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DEC Reopens Sag Harbor Shellfishing

Posted on 25 May 2012

Approximately 490 acres of shellfish lands in Sag Harbor Cove, Town of Southampton, is re-opening for the harvest of shellfish, the state Department of Environmental Conservation (DEC) announced today. These areas were closed on April 26, after DEC’s Bureau of Marine Resources detected saxitoxin, a naturally occurring marine biotoxin that causes paralytic shellfish poisoning, in shellfish in Sag Harbor Cove.

Effective at sunrise on Friday, May 25 the biotoxin closure for shellfish (clams, mussels, oysters) is rescinded in all of the normally certified shellfish lands in Sag Harbor Cove, including upper Sag Harbor Cove. The biotoxin closure for carnivorous gastropods (conch, whelks, moon snails, etc.) is also rescinded for all of Sag Harbor Cove, including upper Sag Harbor Cove.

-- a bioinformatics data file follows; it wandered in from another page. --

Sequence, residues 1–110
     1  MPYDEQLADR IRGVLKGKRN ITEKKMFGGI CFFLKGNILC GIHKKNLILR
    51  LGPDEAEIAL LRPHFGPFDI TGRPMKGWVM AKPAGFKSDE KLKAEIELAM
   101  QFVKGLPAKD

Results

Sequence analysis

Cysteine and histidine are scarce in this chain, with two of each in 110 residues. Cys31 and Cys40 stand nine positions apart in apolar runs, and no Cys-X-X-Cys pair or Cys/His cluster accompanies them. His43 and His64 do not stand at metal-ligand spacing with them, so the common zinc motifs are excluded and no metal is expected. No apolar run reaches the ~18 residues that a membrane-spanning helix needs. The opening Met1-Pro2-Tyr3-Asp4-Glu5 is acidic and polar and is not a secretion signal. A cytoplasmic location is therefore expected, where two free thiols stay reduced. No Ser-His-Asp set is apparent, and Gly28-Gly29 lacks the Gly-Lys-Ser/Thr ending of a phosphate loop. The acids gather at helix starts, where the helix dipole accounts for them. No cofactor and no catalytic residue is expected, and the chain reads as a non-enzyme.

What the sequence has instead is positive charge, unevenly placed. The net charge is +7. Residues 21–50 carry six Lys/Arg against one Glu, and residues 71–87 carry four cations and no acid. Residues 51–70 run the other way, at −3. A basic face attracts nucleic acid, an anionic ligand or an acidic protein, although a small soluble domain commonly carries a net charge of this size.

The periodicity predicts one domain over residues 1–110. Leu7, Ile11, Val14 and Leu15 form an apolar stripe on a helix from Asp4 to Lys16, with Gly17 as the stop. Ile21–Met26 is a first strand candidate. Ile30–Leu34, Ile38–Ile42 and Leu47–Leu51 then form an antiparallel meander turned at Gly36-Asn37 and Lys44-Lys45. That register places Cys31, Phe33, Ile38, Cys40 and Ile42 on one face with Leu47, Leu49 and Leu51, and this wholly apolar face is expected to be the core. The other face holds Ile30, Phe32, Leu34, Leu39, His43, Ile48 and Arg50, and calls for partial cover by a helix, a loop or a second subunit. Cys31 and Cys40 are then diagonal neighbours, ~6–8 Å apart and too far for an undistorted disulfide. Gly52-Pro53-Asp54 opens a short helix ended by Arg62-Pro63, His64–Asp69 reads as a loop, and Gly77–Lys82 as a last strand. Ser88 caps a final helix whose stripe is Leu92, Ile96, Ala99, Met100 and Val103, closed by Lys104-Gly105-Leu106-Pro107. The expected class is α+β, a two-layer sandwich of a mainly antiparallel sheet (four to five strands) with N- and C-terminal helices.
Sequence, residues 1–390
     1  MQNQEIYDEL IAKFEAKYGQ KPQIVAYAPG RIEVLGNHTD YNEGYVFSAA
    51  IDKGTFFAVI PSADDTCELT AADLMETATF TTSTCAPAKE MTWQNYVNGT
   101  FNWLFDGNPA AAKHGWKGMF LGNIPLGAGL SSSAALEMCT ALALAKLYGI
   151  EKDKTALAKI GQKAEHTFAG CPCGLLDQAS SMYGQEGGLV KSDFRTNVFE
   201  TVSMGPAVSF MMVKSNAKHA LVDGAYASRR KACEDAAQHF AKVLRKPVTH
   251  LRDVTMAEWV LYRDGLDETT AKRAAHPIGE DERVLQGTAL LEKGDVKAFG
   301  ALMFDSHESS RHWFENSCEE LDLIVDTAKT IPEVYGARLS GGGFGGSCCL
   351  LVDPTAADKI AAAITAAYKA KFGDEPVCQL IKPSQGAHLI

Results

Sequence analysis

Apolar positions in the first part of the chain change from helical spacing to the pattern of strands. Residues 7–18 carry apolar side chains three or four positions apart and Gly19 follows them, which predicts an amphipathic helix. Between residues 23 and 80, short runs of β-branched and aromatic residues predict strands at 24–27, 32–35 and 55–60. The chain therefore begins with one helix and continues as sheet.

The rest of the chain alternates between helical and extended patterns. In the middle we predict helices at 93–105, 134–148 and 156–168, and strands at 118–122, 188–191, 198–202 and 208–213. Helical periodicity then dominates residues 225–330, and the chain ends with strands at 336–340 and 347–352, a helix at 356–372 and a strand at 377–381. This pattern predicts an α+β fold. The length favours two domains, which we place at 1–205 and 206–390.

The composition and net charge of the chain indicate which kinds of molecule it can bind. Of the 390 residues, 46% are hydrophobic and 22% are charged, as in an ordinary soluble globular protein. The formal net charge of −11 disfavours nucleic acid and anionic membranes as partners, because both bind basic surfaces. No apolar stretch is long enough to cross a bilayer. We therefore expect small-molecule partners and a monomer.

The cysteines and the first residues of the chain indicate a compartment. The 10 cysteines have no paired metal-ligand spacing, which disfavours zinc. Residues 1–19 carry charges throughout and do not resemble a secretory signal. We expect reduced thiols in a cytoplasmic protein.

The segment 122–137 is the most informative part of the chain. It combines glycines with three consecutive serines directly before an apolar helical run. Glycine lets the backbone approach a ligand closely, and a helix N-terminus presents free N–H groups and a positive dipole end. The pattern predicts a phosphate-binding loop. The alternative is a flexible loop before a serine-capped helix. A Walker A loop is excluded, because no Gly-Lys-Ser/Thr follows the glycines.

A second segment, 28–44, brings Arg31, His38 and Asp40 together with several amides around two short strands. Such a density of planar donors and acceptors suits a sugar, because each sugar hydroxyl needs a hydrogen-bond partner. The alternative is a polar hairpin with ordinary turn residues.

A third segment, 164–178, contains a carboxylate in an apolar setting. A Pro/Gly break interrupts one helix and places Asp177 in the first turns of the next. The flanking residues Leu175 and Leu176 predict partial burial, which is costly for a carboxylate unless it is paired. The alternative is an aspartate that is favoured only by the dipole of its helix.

In addition, the DEC is rescinding the prohibition against taking carnivorous gastropods in Shinnecock Bay. Approximately 3,900 acres of underwater lands in western Shinnecock Bay was closed to the harvest of carnivorous gastropods on April 10. Effective at sunrise on Friday, May 25, the taking of carnivorous gastropods is permitted in all of Shinnecock Bay.

The decision to re-open these areas was based on the results of the DEC’s testing of shellfish samples and is consistent with the requirements of the National Shellfish Sanitation Program. DEC’s microbiology laboratory has tested more than 150 shellfish samples for biotoxin since March 2012.

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